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Taiwan Church Press was established on May 24, 1884, in Tainan by Dr. T. Thomas Barclay, a missionary of the Presbyterian Church of England (now the United Reformed Church of England and Wales).


In May 1880, Dr. James L. Maxwell, also a missionary in Taiwan, donated a small printing machine with eleven boxes of type and some working facilities for printing Taiwanese in Roman letters. In 1881, Tainan Mission Council decided to ask Dr. Barclay to learn printing techniques from a Glasgow printing shop during his sabbatical leave. After returning to Tainan, he sent Mr. Su Sa to Swatow to take apprenticeship in printing techniques. In June 1885 a workshop was built at the original site of the Taiwan Church Press with contributions from the Presbyterian Church of England.


On May 24, 1884, the newly-installed facilities began operations, setting the first milestone for the printing business in Taiwan. Dr. Barclay named it “Treasure Hall”. However, Taiwanese Christians normally call it “Hsin-Lao Bookstore” (New Mansion Bookstore).


On June 12, 1885, Dr. Barclay produced the first issue of the Tainan Church News in Taiwan, the beginning of mass media in Taiwan, which is still published weekly to this day. For over 100 years, it has survived several turbulent periods and is still serving this beautiful island promoting evangelical mission and social concern.





1881:          Presbyterian Church of England donates one printing machine to Tainan Mission Council. It becomes Taiwan’s first printing machine. 

1884:         “Chu-Tin Tng” (Treasure Hall) begins on the east wing of Tainan

Theological College and Seminary. It would later become Taiwan Church Press.

1885:         Rev. Thomas Barclay founds Taiwan Church Press. Distribution of “Hu

Sian Kao Hoe Po”, Taiwan’s first newspaper, follows shortly after. The

newspaper is the predecessor of Taiwan Church News.

1937:         As the Pacific War escalates, the Japanese government in Taiwan expels all

missionaries from Taiwan and suspends Taiwan Church Press.

1945:         Taiwan Church News resumes operation after Japan is defeated at the end

of World War II.

1969:         The Nationalist government (KMT) prohibits Taiwan Church News from

using Romanized Taiwanese when publishing.

1977:         Taiwan Church News reports on the Declaration of Human Rights issued

by the Presbyterian Church in Taiwan. The entire edition is seized by the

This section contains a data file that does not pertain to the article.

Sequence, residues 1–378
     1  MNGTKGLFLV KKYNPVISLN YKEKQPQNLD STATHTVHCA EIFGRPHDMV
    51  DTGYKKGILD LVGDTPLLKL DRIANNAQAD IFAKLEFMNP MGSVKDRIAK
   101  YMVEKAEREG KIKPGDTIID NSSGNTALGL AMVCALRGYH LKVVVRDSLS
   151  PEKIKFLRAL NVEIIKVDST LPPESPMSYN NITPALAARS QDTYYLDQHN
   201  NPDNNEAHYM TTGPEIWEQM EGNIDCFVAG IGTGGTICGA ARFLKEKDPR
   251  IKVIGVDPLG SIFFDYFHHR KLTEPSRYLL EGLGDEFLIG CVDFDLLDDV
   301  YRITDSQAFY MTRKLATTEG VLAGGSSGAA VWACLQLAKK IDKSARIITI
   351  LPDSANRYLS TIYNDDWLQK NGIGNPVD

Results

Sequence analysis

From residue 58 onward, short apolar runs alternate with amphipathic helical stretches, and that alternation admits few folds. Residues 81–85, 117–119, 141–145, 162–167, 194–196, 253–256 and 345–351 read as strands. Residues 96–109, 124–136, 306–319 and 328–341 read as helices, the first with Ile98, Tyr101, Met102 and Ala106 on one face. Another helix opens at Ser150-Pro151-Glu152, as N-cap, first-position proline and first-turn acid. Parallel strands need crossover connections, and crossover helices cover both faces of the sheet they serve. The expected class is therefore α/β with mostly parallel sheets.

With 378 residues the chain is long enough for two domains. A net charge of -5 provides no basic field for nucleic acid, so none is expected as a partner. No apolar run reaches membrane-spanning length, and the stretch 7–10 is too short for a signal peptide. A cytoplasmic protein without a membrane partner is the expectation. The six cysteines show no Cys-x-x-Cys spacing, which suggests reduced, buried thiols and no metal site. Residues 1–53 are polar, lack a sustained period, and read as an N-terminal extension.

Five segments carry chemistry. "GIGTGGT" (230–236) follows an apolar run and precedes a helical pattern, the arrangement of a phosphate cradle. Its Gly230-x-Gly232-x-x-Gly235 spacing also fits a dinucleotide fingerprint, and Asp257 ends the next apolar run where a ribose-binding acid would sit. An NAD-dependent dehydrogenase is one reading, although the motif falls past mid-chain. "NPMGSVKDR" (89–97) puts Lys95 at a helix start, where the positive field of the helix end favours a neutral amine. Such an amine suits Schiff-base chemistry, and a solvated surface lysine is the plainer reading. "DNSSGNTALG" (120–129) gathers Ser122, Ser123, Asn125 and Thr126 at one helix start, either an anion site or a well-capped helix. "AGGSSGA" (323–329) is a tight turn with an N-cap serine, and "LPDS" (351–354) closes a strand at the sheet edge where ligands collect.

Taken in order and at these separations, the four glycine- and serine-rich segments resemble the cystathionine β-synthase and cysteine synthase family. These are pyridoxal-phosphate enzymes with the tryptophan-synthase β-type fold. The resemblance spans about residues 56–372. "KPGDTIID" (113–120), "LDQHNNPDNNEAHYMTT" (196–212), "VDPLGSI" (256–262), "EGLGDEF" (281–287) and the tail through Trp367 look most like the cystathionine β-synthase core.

Nationalist government.

1987:         Taiwan Church News reports on historical evidence related to “February

28 Incident”. The entire edition is confiscated by the Nationalist government.

1983:         Taiwan Church Press moves to a new building on Youth Road. New

additions: Publishing department and bookstore.

1996:         Publication of “Keng Sim” (Heart Farmer Weekly) evangelical brochure.

Weekly distribution: 120,000 copies.

1998:          Publication of “Reading the Bible with New Eyesdevotional booklet.

Quarterly distribution of the devotional: 45,000

copies. Taiwan Church News adds color pages to its layout.

2000:         Building on Youth Road is renovated to make room for a wider range of

mass media & communications ministry.

2006:         Publication ofSiong-im Chip” series. The magazine is a compilation of

Taiwanese church songs and hymns. Quarterly distribution: 10,000 copies.

2007:         Publication of “Little Peter” series, a teaching guide for Vacation Bible

School. The guide is distributed to 300 churches every season.

2007:         Taiwan Church News changes from paid to free subscription for the purpose of mass distribution. Weekly distribution: 16,000 copies.

2008:          Taiwan Church Press adds “Christian Arts and Literature Center” to its headquarter office in Tainan with the goal of introducing Christian culture to Taiwanese society. Printing machines in the basement of the building are removed to make room for a gallery exhibiting Christian artists’ works and discussion forums.


First Edition of Taiwan Church News                                        Recent Edition of Taiwan Church News